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In general, grating depths in the range of 250 nm–4 µm are most commonly studied (Yim et al., 2007; Lee et al., 2010; Béduer et al., 2012; Moe et al., 2012; Ankam et al., 2013b; Chan et al., 2013; Qi et al., 2013). Not many studies have investigated the effect of grating depth on neuronal differentiation. However, a correlation between grating depth and preferential neuronal differentiation of NPCs has been observed. Using NPC on 2 μm wide gratings and media favouring astrocyte differentiation, Chua et al. (2014) showed that if the 2 μm wide gratings were fabricated with depths of 2–4 µm, a higher percentage of cells expressed neuronal markers with a lower percentage of cells expressed astrocyte markers. This trend of increased neuron differentiation with increased depth, was maintained up until a saturation point of 2–4 μm in depth. Beyond this point, perpendicular neurite growth was hindered due to the high energy costs of neurites bending in deep grooves. A similar trend was shown using iPSCs, wherein increasing grating depth from 150 nm to 560 nm (using grating widths of 500 nm and 1 µm), significantly increased the fraction of cells committed to the neuronal lineage (Song et al., 2016). It was also shown, that grating depth relative to width, also referred to as aspect ratio, can also impact cell behavior. Chan et al. (2013) found that ESC on micro gratings with 1:1 aspect ratios has the greatest elongation and alignment. A similar result using MSC was observed by Wong et al. (2014), wherein aspect ratio was shown to be better at predicting cell elongation and alignment than either depth or width alone. Thus, depth, width, and aspect ratio play a significant role in the topographical modification of cell behavior.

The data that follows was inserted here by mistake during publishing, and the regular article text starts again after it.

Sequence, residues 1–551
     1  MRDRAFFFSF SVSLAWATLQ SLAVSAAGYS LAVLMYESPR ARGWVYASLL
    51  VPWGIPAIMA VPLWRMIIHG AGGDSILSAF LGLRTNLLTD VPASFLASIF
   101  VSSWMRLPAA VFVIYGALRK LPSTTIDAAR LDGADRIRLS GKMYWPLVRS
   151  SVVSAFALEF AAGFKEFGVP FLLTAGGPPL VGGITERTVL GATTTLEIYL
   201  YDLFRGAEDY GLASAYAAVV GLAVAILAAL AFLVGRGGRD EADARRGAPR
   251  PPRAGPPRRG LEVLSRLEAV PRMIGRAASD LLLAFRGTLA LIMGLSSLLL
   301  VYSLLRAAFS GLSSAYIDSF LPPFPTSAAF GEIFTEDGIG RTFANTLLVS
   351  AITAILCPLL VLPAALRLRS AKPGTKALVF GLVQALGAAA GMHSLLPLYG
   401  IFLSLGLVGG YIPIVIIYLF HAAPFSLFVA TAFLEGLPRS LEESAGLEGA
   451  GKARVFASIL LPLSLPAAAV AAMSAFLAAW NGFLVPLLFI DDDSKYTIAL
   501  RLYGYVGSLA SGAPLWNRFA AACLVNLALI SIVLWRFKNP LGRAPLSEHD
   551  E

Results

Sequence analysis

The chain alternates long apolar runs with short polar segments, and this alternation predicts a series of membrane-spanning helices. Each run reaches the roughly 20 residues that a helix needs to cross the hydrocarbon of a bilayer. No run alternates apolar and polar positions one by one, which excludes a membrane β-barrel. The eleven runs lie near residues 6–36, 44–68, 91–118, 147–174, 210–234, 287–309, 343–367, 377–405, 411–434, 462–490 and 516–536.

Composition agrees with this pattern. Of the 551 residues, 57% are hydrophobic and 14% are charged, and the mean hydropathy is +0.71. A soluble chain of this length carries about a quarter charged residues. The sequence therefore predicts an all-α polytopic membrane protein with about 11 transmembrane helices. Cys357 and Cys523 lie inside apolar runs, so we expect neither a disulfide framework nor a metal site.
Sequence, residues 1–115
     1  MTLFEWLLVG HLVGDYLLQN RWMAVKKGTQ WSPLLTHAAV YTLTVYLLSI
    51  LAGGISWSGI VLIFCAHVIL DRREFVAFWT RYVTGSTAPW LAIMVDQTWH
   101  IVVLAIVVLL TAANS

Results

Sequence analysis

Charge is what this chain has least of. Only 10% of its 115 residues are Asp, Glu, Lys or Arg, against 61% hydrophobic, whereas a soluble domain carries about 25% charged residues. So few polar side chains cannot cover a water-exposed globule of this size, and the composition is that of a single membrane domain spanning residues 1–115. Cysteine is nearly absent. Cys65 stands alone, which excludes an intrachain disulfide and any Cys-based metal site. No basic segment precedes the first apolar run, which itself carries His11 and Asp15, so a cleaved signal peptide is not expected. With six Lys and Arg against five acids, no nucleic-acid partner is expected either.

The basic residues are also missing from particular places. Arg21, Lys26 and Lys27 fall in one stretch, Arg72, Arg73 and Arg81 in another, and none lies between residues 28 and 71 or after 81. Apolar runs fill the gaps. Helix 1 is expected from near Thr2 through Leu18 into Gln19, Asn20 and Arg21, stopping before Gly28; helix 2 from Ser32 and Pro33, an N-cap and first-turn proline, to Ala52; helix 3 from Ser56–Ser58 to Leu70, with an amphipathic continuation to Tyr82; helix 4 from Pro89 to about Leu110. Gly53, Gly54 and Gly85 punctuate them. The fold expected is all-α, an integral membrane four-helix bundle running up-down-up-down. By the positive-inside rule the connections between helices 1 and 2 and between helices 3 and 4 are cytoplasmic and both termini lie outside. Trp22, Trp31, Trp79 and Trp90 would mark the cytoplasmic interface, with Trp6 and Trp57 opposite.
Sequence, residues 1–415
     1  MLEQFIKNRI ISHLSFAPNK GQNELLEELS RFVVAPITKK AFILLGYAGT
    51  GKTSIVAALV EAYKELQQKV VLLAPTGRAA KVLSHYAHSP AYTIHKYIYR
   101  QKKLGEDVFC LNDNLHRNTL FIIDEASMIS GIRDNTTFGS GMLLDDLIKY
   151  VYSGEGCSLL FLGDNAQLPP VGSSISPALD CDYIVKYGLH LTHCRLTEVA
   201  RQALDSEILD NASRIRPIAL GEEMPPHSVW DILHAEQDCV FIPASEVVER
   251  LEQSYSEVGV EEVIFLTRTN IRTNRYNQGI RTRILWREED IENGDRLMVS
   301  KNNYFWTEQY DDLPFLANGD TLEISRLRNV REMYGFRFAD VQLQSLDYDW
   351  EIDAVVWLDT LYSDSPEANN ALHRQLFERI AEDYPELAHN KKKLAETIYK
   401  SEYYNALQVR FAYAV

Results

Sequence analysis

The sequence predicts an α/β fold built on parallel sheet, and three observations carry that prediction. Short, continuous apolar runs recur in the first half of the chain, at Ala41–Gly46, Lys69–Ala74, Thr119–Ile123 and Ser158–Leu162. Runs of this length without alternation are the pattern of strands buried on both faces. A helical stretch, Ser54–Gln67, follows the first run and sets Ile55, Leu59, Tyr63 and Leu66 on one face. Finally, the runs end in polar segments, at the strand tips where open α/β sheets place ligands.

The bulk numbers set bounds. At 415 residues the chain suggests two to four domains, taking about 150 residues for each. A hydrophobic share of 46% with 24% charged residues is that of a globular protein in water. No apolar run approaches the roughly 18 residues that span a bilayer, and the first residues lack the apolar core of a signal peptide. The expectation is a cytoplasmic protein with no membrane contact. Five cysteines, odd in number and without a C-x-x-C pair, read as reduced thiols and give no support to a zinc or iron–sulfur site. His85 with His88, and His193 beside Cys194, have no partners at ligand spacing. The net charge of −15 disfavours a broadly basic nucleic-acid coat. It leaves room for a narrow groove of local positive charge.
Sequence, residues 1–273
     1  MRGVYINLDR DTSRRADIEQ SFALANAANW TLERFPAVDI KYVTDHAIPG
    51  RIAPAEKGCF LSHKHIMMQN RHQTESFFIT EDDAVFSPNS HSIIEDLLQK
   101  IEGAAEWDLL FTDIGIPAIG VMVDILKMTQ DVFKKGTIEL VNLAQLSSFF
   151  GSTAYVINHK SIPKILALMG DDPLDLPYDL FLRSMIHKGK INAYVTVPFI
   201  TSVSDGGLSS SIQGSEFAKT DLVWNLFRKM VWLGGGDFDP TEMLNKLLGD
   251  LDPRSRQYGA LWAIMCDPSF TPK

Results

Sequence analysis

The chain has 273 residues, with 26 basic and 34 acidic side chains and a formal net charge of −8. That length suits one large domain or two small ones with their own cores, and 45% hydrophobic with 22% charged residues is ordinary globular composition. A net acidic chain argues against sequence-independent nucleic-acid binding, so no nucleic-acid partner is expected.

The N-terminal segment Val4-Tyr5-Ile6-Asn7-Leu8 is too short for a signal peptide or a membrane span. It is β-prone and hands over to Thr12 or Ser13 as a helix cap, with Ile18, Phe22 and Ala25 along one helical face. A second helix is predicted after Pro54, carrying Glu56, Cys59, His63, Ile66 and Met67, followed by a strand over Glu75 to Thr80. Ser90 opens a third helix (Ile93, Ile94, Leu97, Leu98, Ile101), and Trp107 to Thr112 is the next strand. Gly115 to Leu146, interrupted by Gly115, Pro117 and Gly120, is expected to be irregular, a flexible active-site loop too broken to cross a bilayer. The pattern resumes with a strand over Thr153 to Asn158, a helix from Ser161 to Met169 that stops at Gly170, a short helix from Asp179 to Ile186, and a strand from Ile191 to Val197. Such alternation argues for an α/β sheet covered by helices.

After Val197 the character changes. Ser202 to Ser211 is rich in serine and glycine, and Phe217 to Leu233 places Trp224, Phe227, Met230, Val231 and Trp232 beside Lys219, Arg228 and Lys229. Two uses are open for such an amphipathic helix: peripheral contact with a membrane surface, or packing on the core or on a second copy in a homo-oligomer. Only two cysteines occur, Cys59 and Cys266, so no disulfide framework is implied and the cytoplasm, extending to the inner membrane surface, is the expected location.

Fibrous scaffolds closely resemble the native nervous system ECM fibrils, as they are made of mesh of micro- and/or nanoscale fibers. In these meshes, fibers can either be aligned in parallel or randomly oriented as present in native CNS and PNS ECM structures. There are many methods of fibrous scaffold fabrication, however, the most commonly used for tissue engineering purposes are electrospinning, phase separation and self-assembly (Jhala and Vasita, 2015; Marcus et al., 2017). It is recommended that the reader reference Sultana (2015) for a review on fibrous scaffold fabrication and materials for tissue engineering purposes. Diameter and orientation of fibers are key dimensions that can determine how they will affect cell behavior. Almost all published studies use fibers with diameters in the range of 200 nm–2 μm similar to collagen fiber bundle thickness observed in PNS endoneurium and perineurium structures (Christopherson et al., 2009; Xie et al., 2009; Lim et al., 2010; Jiang et al., 2012). Similar to gratings, there is no consensus on the optimal fiber diameter. However, there seems to be a consensus on the optimal orientation. Early reports indicated that fiber orientation did not impact neuronal differentiation efficiency (Yang et al., 2005), but subsequent studies overwhelmingly showed the opposite. Fiber alignment was shown to significantly improved neuronal differentiation in a variety of cell types including ESCs, iPSCs (Xie et al., 2009; Mohtaram et al., 2015; Abbasi et al., 2016), NSCs (Christopherson et al., 2009; Lim et al., 2010; Bakhru et al., 2011; Lins et al., 2017), and MSCs (Cho et al., 2010; Jiang et al., 2012). Embryoid bodies on aligned fibers extended along the fiber axis and had more extensive neurite outgrowth compared to random and planar substrates. On randomly oriented fibers, both ESCs and NSCs tended to extend in multiple directions and became glial-like in morphology. For neuronal differentiation of ESCs, biochemical factors were still required. However, when used in combination with aligned fibers, embryoid bodies showed higher upregulation of neuronal markers, and the neuronal lineage was promoted over the glial (astrocyte) lineage, which was suppressed (Xie et al., 2009; Abbasi et al., 2016). Similar results were observed when using NSCs, wherein on aligned fibers, cells had a more elongated morphology compared to random or planar substrates (Yang et al., 2005; Christopherson et al., 2009; Lim et al., 2010; Mahairaki et al., 2010; Bakhru et al., 2011; Wang et al., 2012). Upregulation of neuronal markers and increased neuronal yield were observed in NSCs grown on fibers (Christopherson et al., 2009; Lim et al., 2010; Mahairaki et al., 2010; Bakhru et al., 2011; Wang et al., 2012; Lins et al., 2017). Similar to what was observed with ESCs, in addition to a bias in neuronal lineage commitment, a negative selection against the glial lineage (oligodendrocytes) was also observed in NSCs (Lim et al., 2010). The effect of alignment was even more significant for MSCs. Only MSCs grown on aligned substrates showed improvement in neuronal differentiation, specifically neuronal marker upregulation and a preference to the neuronal lineage over the glial lineage. MSCs grown on random fibers performed equally as well as planar substrates (Cho et al., 2010; Jiang et al., 2012).